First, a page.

Eddie Jones could guide England to a second consecutive Grand SlamYoutube/England Rugby

There can be no doubt as to why England are 17 games unbeaten and chasing a second successive Grand Slam: Eddie Jones. Since taking over from Stuart Lancaster, Jones’ team has yet to be beaten and, whilst they don’t yet look the finished article, the change has been remarkable.

Without drastically altering the group of players developed by his predecessor, the England coach has instilled a new edge into his team. England are forgetting how to lose. Like the All Blacks in recent years, England have made the last quarter their speciality, have resolute try-line defence and are starting to develop some world class players. The likes of the Vunipola brothers, Maro Itoje and Owen Farrell are surely close to staking a claim for places in a ‘World XV’.

For me, several things have stood out over his reign so far which highlight how great a coach Eddie Jones is.

First, he takes the pressure off his team. This has never been clearer than over the past month, when England have not been at their best. After a disappointing performance against the French, Jones took “full responsibility for the performance”. He said: “I did not prepare the team well enough. I got some things wrong and I have got a lot of homework to do over the weekend. I will make sure the team plays much better against Wales.” By taking the blame himself, he prevented a toxic build-up of media pressure.

“Everything he does is aimed towards winning the Rugby World Cup in 2019”

Similarly, after the Italy game, all his interviews focused on how the bizarre Italian tactics had ruined the game. This made sure that people were talking about the laws of the game, rather than how poor his team were in the first half. Away from the cameras you can be sure that, while frustrated at Italy’s strategy, the England head coach would have been furious at his team’s careless start to the game and inability to adapt quickly. There can be no doubt that it would have been a gruelling week for England’s players.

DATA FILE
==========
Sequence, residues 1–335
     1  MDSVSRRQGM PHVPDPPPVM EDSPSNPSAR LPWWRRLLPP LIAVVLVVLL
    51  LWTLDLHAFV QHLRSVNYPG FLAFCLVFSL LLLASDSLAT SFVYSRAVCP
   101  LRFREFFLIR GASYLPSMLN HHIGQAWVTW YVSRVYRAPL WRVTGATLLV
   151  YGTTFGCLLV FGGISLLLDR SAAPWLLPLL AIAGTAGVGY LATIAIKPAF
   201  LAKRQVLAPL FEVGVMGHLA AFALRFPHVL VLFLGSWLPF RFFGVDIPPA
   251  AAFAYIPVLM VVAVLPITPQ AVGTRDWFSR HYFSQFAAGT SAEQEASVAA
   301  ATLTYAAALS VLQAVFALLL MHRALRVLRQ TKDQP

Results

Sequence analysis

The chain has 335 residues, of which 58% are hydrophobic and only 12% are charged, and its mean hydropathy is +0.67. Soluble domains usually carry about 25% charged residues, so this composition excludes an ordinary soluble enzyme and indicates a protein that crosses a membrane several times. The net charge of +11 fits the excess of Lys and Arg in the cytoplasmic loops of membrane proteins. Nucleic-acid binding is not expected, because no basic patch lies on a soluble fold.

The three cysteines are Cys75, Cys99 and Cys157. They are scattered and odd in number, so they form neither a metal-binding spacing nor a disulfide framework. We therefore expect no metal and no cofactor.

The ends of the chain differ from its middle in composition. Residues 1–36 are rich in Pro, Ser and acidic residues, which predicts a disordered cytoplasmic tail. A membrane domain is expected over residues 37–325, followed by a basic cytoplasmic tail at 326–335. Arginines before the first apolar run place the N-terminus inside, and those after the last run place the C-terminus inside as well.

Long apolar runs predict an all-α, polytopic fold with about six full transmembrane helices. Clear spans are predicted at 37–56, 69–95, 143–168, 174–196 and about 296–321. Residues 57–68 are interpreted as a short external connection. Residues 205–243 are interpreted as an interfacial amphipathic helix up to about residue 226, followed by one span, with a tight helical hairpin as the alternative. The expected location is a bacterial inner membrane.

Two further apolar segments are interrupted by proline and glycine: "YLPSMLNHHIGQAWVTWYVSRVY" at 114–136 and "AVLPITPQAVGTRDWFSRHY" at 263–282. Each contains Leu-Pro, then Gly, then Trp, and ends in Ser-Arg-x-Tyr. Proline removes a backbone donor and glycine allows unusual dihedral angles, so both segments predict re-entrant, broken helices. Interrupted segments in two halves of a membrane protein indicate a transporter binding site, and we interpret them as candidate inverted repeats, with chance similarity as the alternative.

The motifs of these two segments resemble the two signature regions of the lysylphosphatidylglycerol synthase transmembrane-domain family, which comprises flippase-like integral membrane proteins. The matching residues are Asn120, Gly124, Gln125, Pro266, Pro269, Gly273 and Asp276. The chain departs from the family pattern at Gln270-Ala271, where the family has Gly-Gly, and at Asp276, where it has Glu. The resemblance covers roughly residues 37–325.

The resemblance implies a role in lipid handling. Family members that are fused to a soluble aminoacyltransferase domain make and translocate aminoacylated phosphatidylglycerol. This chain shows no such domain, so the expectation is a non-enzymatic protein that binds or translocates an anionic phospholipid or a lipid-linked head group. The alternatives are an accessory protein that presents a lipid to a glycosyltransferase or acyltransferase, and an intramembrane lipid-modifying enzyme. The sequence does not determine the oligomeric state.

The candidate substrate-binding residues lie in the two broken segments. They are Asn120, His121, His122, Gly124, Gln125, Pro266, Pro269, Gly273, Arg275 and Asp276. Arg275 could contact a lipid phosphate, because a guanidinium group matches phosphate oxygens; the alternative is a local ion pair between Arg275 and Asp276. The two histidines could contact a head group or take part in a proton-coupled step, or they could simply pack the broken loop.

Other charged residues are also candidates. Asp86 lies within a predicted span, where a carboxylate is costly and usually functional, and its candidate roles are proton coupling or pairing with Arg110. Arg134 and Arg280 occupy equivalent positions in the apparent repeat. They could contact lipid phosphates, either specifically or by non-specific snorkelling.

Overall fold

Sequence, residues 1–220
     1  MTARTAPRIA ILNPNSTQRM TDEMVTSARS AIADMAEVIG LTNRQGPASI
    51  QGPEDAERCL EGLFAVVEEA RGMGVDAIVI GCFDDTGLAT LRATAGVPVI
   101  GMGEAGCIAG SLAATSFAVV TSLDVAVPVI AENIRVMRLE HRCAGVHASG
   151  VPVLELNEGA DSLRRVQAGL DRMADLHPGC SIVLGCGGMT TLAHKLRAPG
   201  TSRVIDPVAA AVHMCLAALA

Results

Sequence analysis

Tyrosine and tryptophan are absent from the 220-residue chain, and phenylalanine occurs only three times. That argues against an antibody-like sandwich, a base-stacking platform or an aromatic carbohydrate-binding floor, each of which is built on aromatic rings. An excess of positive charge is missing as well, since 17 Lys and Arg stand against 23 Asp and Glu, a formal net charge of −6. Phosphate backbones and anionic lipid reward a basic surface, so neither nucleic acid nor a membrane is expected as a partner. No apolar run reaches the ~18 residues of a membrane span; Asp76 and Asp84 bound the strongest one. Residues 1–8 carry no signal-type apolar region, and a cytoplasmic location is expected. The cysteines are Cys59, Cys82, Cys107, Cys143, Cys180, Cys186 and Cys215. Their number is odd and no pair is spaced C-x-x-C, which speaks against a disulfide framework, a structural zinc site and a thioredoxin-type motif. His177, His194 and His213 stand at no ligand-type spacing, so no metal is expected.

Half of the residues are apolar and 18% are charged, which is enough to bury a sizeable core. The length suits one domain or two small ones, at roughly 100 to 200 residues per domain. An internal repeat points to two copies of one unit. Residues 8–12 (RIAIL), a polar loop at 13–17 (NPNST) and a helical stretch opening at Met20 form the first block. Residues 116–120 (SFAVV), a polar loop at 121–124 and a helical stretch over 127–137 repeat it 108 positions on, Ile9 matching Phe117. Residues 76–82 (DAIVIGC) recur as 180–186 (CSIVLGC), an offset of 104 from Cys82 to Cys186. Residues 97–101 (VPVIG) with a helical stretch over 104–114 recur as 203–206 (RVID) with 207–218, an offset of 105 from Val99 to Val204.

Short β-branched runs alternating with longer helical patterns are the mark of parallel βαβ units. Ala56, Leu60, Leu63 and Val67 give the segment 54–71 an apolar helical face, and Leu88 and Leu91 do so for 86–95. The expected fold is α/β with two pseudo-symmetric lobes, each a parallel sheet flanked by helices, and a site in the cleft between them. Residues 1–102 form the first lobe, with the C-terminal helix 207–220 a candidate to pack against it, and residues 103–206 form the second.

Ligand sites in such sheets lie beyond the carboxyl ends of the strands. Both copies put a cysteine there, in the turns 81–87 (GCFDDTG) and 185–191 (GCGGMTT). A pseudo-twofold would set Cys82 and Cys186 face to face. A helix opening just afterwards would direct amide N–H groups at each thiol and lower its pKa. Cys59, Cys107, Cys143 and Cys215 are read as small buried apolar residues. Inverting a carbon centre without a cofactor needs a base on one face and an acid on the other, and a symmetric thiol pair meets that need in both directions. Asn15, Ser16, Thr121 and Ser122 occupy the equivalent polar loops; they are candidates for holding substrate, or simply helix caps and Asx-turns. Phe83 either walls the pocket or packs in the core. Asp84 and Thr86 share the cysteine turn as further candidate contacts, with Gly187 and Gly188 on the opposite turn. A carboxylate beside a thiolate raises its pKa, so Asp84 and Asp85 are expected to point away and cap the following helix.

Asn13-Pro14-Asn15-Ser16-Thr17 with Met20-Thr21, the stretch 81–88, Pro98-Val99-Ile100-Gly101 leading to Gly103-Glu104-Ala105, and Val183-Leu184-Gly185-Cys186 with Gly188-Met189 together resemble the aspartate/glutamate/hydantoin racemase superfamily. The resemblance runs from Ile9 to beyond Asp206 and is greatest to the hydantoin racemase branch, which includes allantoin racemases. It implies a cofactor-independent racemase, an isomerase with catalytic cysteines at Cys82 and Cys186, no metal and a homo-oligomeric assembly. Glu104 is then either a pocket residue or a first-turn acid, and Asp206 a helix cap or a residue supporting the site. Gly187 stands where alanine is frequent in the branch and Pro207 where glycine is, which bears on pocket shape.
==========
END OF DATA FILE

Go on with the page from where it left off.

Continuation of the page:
This is in stark contrast to his predecessor, whose post-match interviews were often ambivalent and invited criticism. Jones is a master of the media and straight after the Italy game started heaping the pressure on Scotland, referencing their “burden of expectation”. Everything he says is pre-calculated and judged to help his team.

Another interesting aspect of Jones’ time in charge is the way that he runs training. He has spoken publicly about his use of ‘Tactical Periodisation’ – a method championed by José Mourinho that involves training aspects of the game at an intensity higher than match levels. This means that every session pushes his players to the limit and that no separate fitness training is required. It also means that, during games, his team are used to making decisions when fatigued and will outperform their opposition when under pressure.

It certainly seems to be paying off, as England have shown that they are better than anyone in the final quarter. In the last four minutes against Wales, when Jonathan Davies put in a sloppy kick which missed touch, Ford, Farrell and Daly combined with incredible precision to score a match-winning try. This shows exactly what Jones’ methods are designed to achieve – better match sharpness at the crucial moments.